I'll try to address your questions. This isn't a complete explanation of how our system works!
Most people trying to solve this problem have approached it by trying to take multiple machines, each capable of processing transactions, and do distributed transactions between them. This leads to systems that do local transactions fast but global transactions much more slowly, and a tradeoff between the quality of fault tolerance (paxos=good, 2-phase=bad) and commit performance.
Our approach is instead to decouple the first job you mention (checking if transactions conflict to provide isolation) from the second job (making transactions durable). These can then be scaled independently.
The first job, conflict resolution, is a small fraction of the total work and needs access only to the key ranges used by each transaction, not the existing contents of the database or the actual values being written. This allows it to be very fast.
The rest of the system is a consistent, durable distributed store that has to preserve a predetermined ordering of writes, and provide a limited window of MVCC snapshots for reads.
Does that help at all?
Specific questions: does each machine have its own commit log? Is each machine authoritative for its range of the keyspace, in that it can serve reads without having to consult other machines?
Each machine doesn't have its own commit log at the level of the distributed database. (The key/value store where we locally store data on each node happens to also use write ahead logging, but this is not an architectural requirement). Ideally transactions just have to be made durable in some N places to be considered committed. In practice, we elect specific machines to a transaction logging role, among other reasons because SSDs do better at providing fast durable commits if they aren't also serving random reads.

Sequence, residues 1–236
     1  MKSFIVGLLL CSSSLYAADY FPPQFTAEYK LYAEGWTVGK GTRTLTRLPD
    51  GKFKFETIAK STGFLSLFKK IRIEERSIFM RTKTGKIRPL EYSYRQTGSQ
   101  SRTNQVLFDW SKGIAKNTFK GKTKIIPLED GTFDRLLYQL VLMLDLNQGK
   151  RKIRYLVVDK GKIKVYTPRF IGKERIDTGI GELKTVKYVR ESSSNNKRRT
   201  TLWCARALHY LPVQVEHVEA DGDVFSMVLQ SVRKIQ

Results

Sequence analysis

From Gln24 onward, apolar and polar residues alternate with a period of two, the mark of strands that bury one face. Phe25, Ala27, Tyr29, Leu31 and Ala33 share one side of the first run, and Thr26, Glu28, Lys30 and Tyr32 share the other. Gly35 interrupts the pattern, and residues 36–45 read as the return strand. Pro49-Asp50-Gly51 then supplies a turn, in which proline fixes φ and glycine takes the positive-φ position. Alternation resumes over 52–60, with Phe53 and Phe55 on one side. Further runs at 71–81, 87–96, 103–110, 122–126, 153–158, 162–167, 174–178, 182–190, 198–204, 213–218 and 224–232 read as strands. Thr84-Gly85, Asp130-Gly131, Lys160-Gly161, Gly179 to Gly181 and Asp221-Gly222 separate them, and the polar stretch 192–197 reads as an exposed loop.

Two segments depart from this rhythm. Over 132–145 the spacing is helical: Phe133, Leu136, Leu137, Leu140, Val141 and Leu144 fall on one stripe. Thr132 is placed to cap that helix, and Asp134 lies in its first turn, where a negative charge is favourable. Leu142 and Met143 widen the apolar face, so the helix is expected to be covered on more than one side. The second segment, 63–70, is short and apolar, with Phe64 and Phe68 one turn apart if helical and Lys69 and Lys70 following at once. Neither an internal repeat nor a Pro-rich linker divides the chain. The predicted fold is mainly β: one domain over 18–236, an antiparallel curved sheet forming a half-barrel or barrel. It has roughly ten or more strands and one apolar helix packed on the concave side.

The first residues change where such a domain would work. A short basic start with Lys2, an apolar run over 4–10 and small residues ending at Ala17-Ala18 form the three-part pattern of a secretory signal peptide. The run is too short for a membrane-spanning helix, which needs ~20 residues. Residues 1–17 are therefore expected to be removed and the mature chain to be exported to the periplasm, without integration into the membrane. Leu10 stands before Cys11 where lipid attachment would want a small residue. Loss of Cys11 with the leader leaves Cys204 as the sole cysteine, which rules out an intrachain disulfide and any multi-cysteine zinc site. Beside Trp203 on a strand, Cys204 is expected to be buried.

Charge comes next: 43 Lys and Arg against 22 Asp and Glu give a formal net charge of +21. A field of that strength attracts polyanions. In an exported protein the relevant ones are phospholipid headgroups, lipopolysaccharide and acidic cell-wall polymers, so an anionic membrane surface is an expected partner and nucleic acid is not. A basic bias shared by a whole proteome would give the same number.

Each machine is authoritative for reads for some ranges of the keyspace and for the range of versions it knows about. It proactively fetches writes for newer versions. If it gets a request for a version it hasn't managed to get the writes for yet, the read has to wait while that storage server catches up. In practice this lag is very small, as you can see from our latency measurements.
Like FoundationDB, datomic does appear to separate transaction processing from storage.
A few relevant differences:
- Datomic provides transaction isolation through stored procedures which run on its single "transactor", while FoundationDB provides interactive transactions.
- To my knowledge datomic does not claim to be interested in high write scalability, which we definitely are.
- Datomic is designed to keep multiversion history indefinitely, while FoundationDB keeps it just long enough to execute short transactions.